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Case Basics
Docket No. 
Ricky Bell, Warden
Gregory Thompson
(argued the cause for Respondent)
(argued the cause for Petitioner)
Facts of the Case 

A Tennessee trial court sentenced Thompson to death for murder. Thompson made unsuccesful appeals in state court based on the claim that his counsel had failed to adequately investigate his mental health. A federal district court also rejected Thompson's petition based on that claim. However, Thompson's habeas counsel had failed to include in the record the deposition and report of a psychologist who argued Thompson had suffered from serious mental illness. The counsel included the documents when Thompson appealed to the Sixth Circuit, which nevertheless dismissed Thompson's claim. Thompson then petitioned the U.S. Supreme Court, and the Sixth Circuit stayed its mandate until the Court decided whether to hear the case. The Court denied the petition, but the Sixth Circuit stayed its mandate again, pending the Supreme Court's decision on Thompson's petition for rehearing, which the Court denied. The Sixth Circuit still did not issue its mandate. Five months later, Tennessee had set Thompson's execution date. The Sixth Circuit suddenly issued an amended opinion on Thompson's habeas petition, overturning the district court's dismissal of his ineffective counsel claim and ordering hearings based on that claim. The Sixth Circuit included in the appeal record the initially ommitted psychologist deposition. The circuit court argued its authority to issue an amended opinion five months after the Supreme Court denied Thompson's petition was based on its inherent power to reconsider an opinion before issuance of the the mandate.


After the U.S. Supreme Court had denied certiorari and a petition for rehearing to a death-row prisoner's case, did the Sixth Circuit abuse its discretion by withholding its mandate in the case for more than five months without entering a formal order?

Decision: 5 votes for Bell, 4 vote(s) against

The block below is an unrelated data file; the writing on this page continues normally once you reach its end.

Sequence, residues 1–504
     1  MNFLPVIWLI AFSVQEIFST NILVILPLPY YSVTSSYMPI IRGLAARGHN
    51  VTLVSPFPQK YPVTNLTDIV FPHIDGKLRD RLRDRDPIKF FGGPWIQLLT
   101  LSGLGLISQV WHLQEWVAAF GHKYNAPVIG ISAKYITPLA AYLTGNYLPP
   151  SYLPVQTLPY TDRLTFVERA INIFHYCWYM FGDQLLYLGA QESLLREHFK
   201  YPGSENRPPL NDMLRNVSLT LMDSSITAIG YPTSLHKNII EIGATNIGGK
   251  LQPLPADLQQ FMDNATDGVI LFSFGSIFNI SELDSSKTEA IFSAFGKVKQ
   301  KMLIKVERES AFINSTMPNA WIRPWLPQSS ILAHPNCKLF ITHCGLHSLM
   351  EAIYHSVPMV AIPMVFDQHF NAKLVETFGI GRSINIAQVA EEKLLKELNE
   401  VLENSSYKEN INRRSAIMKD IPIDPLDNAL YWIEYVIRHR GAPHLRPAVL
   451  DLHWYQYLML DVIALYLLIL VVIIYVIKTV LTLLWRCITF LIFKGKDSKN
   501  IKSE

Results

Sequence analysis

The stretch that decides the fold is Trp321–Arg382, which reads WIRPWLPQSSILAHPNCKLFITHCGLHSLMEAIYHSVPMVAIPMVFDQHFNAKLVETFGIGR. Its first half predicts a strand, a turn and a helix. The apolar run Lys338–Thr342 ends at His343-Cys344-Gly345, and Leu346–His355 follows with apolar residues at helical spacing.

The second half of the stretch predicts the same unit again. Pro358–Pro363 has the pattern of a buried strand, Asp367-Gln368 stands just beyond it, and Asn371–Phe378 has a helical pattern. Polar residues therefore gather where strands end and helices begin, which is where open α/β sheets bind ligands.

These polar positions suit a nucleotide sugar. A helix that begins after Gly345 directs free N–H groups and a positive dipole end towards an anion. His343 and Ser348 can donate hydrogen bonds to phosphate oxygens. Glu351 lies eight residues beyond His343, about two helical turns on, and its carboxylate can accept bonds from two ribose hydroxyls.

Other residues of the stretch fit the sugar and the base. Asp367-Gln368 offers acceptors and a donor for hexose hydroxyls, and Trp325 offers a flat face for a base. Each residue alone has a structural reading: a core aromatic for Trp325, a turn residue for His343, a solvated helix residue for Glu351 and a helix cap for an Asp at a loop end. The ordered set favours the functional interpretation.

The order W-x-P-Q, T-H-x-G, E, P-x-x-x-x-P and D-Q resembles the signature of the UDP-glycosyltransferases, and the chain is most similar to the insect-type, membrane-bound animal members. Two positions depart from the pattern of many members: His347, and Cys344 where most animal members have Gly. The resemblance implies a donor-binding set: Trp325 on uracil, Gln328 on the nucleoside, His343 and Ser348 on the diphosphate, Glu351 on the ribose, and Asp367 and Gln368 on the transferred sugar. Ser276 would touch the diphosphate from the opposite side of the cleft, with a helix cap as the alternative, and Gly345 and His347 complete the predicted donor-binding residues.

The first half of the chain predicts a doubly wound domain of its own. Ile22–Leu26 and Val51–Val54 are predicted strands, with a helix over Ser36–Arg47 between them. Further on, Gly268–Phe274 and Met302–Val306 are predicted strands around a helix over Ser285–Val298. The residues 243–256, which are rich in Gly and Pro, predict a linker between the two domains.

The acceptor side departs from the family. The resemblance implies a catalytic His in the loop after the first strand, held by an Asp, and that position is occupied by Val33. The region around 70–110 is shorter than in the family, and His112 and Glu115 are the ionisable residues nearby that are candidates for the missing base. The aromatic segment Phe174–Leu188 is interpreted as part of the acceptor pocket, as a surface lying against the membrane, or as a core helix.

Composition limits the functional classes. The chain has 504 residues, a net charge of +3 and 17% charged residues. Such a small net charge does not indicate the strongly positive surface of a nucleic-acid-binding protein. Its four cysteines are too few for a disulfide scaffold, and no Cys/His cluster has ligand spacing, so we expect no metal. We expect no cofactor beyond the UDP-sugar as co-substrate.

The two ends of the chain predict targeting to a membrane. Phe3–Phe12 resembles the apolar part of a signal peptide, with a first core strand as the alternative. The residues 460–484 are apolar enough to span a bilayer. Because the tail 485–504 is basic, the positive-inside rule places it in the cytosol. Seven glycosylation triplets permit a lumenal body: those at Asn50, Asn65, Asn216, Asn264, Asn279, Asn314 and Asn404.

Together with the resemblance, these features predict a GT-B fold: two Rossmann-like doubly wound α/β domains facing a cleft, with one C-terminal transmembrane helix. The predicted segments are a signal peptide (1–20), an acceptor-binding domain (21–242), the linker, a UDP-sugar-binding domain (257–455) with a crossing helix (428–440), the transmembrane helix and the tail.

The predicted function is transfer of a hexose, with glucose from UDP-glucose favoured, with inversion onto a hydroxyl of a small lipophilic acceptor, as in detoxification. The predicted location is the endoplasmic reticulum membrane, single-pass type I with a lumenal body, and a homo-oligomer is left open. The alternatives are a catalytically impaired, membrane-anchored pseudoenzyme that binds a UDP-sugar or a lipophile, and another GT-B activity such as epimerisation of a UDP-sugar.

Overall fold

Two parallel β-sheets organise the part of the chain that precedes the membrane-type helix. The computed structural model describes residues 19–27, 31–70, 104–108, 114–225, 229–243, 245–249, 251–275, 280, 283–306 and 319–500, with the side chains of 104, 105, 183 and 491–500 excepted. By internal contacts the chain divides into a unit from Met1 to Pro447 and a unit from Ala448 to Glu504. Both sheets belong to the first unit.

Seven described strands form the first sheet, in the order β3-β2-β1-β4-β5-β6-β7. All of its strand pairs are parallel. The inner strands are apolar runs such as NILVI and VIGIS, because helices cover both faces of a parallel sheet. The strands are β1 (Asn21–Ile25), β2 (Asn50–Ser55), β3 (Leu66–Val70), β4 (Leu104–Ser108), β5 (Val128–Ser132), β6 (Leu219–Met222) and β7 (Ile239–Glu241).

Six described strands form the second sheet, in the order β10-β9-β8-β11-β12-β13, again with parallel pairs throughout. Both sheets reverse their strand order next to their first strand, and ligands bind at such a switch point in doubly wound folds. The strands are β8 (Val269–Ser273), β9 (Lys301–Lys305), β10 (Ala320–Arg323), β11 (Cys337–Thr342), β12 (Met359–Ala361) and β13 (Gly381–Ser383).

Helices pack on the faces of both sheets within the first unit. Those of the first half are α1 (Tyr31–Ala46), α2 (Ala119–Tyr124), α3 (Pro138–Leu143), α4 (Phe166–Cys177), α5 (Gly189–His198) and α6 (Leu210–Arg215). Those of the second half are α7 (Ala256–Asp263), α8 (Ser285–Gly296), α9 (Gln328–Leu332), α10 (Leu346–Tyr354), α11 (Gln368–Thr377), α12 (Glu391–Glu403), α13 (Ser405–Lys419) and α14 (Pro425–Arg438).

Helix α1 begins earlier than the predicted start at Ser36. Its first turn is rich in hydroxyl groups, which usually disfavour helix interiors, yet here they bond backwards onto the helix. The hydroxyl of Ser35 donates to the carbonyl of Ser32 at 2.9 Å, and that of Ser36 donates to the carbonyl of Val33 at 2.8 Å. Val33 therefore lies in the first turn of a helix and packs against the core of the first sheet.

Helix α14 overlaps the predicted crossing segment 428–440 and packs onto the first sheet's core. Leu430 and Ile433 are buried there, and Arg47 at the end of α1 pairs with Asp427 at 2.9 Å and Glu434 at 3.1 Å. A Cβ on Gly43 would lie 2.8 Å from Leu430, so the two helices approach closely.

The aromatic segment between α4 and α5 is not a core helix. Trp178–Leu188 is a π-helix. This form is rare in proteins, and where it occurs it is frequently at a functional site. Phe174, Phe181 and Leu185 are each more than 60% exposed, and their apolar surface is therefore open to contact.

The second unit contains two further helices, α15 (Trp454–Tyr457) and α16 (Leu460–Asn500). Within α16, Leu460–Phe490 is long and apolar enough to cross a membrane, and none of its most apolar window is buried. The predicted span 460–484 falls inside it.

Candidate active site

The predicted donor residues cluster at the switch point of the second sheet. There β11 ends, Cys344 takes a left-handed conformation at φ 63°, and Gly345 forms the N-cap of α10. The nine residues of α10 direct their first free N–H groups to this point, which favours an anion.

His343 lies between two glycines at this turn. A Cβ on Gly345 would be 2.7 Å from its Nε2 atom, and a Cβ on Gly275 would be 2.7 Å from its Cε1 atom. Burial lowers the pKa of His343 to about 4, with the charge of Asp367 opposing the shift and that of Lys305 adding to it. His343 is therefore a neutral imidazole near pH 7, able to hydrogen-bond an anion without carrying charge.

Legal provision: Federal Rules of Civil Procedure, including Appellate Procedure (or relevant rules of a circuit court)

Yes. In a 5-4 opinion delivered by Justice Anthony Kennedy, the Court held that the Sixth Circuit abused its discretion by withholding its mandate and not releasing its amended opinion for more than five months after the Supreme Court's final say in the case. The Sixth Circuit cost the state and the parties significant time and resources by not providing notification that it was reconsidering its decision. Further, the Sixth Circuit had the opportunity at the rehearing stage to consider the same mental health arguments it later adopted. Moreover, the evidence and its ommission did not warrant the court's "extraordinary departure from standard procedures." By withholding its mandate for months, the Court said, the Sixth Circuit failed to give the "appropriate level of respect" to Tennessee's judgment that Thompson deserved death. Notably, the Court declined to consider the scope of the appellate courts' Federal Appellate Procedure 41 authority to stay a mandate following a denial of certioarari.

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BELL v. THOMPSON. The Oyez Project at IIT Chicago-Kent College of Law. 26 August 2015. <>.
BELL v. THOMPSON, The Oyez Project at IIT Chicago-Kent College of Law, (last visited August 26, 2015).
"BELL v. THOMPSON," The Oyez Project at IIT Chicago-Kent College of Law, accessed August 26, 2015,